For the first-century Roman world the cross was first and foremost an instrument of shameful and violent execution. But early Christians, who had seen their world upended by the atoning power of the cross of Christ, came to view it in an entirely different light.
Deeply scandalous, it was paradoxically glorious. For the cross of Christ marked the epochal saving event in God's dealings with Israel and the world. And its meaning could not be fathomed or encircled by a single image or formulation. Since its initial publication in 2000, Recovering the Scandal of the Cross has initiated among evangelicals a new conversation about the nature of the atonement and how it should be expressed in the varied and global contexts of today. In this second edition Green and Baker have clarified and enlarged their argument in a way that will continue to provoke thought and conversation on this critical topic.
Joel B. Green (B.S., M.Th., Ph.D.) is professor of New Testament interpretation, Fuller Theological Seminary. He was vice president of academic affairs, provost and professor of New Testament interpretation at Asbury Theological Seminary in Wilmore, Kentucky. Prior to his appointment at Asbury in 1997, he was associate professor of New Testament at the American Baptist Seminary of the West/Graduate Theological Union in Berkeley, California. His books include (Abingdon, 2004); (Baker, 2003); (Chalice, 2003); (with Paul Achtemeier and Marianne Meye Thompson, 2001); (2000); (with Mark Baker, 2000); (with Max Turner, 2000) and in the New International Commentary on the New Testament (1997). For over 20 years, Green has been the editor of a journal providing evangelical resources and perspectives to United Methodist seminarians. An ordained elder in the United Methodist Church, he has pastored churches in Texas, Scotland and Northern California. He has also served on the boards of Berkeley Emergency Food and Housing Project, and magazine.
Here is a fresh look at the cross of Jesus...I highly recommend it to all Christians who...seek to understand and articulate with integrity the saving significance of the cross of Jesus in our postmodern world.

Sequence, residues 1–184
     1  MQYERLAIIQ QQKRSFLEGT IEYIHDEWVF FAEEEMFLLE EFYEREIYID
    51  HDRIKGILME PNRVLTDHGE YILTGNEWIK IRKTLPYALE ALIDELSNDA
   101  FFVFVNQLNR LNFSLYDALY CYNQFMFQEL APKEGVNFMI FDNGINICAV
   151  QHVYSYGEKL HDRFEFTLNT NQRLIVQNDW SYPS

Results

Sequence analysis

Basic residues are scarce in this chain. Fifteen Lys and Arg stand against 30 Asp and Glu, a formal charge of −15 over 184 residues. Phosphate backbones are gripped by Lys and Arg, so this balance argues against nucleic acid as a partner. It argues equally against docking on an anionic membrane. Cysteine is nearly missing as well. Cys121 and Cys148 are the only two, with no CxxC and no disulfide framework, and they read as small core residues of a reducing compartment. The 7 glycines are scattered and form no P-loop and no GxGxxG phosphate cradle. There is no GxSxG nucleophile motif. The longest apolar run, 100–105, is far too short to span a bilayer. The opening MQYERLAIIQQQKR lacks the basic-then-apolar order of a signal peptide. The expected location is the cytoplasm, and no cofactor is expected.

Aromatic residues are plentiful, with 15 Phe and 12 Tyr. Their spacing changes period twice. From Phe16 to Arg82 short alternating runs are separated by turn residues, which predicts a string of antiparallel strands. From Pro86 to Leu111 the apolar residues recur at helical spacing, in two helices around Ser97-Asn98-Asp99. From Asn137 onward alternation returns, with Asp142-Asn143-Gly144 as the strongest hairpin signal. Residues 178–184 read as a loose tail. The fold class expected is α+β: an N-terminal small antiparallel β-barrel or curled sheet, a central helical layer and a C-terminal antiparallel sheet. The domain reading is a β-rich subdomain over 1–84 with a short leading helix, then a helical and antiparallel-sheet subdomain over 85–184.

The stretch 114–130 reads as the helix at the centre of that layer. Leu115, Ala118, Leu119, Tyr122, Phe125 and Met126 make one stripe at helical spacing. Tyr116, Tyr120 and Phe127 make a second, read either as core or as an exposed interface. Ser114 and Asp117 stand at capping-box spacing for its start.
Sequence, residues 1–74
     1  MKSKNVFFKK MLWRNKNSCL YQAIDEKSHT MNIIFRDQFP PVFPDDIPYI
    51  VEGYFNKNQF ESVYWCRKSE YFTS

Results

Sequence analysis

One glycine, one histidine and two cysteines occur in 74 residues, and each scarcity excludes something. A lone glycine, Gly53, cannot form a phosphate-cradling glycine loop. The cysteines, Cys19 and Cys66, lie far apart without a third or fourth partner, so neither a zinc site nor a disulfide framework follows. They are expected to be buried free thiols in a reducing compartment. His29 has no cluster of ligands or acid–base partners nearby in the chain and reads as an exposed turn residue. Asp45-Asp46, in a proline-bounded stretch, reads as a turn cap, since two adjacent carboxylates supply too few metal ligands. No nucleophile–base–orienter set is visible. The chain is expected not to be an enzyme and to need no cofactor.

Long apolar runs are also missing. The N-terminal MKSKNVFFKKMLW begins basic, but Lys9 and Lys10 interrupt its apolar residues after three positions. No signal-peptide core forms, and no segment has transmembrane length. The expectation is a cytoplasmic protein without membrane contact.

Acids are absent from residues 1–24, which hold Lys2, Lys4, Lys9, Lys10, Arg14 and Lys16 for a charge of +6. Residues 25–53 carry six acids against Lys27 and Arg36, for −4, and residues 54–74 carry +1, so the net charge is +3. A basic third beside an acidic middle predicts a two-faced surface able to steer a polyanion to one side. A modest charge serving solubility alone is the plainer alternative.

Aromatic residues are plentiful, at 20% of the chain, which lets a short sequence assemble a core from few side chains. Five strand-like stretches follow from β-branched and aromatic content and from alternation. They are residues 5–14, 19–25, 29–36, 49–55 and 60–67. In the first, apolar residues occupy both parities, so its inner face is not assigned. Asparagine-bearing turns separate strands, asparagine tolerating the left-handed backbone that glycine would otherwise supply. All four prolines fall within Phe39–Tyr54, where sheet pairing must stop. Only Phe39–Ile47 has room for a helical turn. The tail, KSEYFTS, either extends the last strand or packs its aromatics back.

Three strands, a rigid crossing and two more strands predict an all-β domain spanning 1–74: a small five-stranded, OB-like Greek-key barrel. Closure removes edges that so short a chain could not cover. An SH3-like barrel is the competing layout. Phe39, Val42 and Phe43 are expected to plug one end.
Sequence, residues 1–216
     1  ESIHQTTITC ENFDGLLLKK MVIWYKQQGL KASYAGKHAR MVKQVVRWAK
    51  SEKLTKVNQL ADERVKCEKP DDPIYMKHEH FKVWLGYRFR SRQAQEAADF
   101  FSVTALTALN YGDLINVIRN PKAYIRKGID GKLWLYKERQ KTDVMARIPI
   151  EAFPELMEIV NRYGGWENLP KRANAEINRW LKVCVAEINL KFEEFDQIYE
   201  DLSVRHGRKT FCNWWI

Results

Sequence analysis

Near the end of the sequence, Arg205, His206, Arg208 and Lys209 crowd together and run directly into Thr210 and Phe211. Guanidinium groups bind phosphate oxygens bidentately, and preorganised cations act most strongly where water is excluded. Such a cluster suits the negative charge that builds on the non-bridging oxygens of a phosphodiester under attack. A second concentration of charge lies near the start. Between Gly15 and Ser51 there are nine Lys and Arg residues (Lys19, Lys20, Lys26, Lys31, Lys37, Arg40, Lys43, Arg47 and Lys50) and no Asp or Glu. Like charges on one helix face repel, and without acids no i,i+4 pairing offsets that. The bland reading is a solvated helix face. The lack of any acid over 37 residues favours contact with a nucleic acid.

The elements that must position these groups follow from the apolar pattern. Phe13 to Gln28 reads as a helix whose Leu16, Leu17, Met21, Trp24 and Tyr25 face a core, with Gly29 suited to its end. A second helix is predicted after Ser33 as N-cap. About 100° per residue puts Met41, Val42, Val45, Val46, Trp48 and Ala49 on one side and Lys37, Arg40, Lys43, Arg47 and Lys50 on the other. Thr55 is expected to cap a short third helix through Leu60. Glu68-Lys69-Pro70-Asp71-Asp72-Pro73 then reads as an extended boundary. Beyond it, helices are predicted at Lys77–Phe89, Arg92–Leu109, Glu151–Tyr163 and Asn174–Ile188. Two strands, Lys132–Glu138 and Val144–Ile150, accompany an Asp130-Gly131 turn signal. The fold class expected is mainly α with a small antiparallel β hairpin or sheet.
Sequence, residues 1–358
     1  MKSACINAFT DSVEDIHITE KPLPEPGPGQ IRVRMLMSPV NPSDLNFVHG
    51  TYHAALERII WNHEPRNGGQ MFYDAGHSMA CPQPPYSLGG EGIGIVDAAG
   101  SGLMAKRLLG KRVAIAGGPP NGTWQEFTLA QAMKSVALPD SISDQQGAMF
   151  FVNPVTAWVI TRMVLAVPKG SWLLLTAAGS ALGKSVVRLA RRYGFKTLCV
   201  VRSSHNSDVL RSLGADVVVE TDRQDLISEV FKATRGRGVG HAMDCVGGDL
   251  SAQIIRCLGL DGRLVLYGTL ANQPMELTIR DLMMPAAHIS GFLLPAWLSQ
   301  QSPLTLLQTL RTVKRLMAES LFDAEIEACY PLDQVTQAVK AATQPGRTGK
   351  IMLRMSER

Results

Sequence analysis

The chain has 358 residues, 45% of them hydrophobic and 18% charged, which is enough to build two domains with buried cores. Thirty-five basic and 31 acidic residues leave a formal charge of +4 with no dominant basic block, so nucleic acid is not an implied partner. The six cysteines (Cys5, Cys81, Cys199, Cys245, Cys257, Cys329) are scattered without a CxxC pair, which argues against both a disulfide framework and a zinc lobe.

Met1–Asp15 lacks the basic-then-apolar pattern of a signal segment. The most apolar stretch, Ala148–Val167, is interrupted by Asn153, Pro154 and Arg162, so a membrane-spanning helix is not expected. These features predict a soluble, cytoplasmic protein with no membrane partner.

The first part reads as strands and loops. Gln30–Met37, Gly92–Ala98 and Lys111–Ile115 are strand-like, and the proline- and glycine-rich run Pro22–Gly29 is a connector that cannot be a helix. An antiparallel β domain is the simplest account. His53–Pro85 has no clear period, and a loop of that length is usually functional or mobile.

By focusing on the importance of narrative context, language and metaphor, this book recaptures some of the mystery and complexity of New Testament views of atonement. Besides engaging recent debates on the salvific meaning of the crucifixion, this revised edition surveys New Testament, historical, and contemporary models of the atonement, revealing unintended side effects of a contemporary model of penal satisfaction. Scholars and pastors will gain from the insights of this clear and well-researched study--one that shows the necessity of doing theology that relates to the mission of the church in every context and generation.
Frances S. Adeney,
William A. Benfield Jr. Professor of Evangelism and Global Mission, Louisville Presbyterian Theological Seminary
In the second edition of Recovering the Scandal of the Cross, Baker and Green continue the important conversation about the doctrine of the atonement by responding to new proposals and to critics of the book's first edition. . . . Most helpful is their insightful treatment of non-Western views of the cross which pushes forward evangelical attempts at cultural contextualization without sheer accommodation. Everyone interested in cutting-edge theological thinking about the atonement must read this second edition.
Roger E. Olson,
Professor of Theology, George W. Truett Theological Seminary, Baylor University
Joel Green and Mark Baker offer a richly-textured interpretation which does justice both to the variety of models of atonement in the Bible and to the varieties of postmodern culture. This is thought-provoking theology for a mission context.
Formerly Vice-Principal of St. John's College, Nottingham UK
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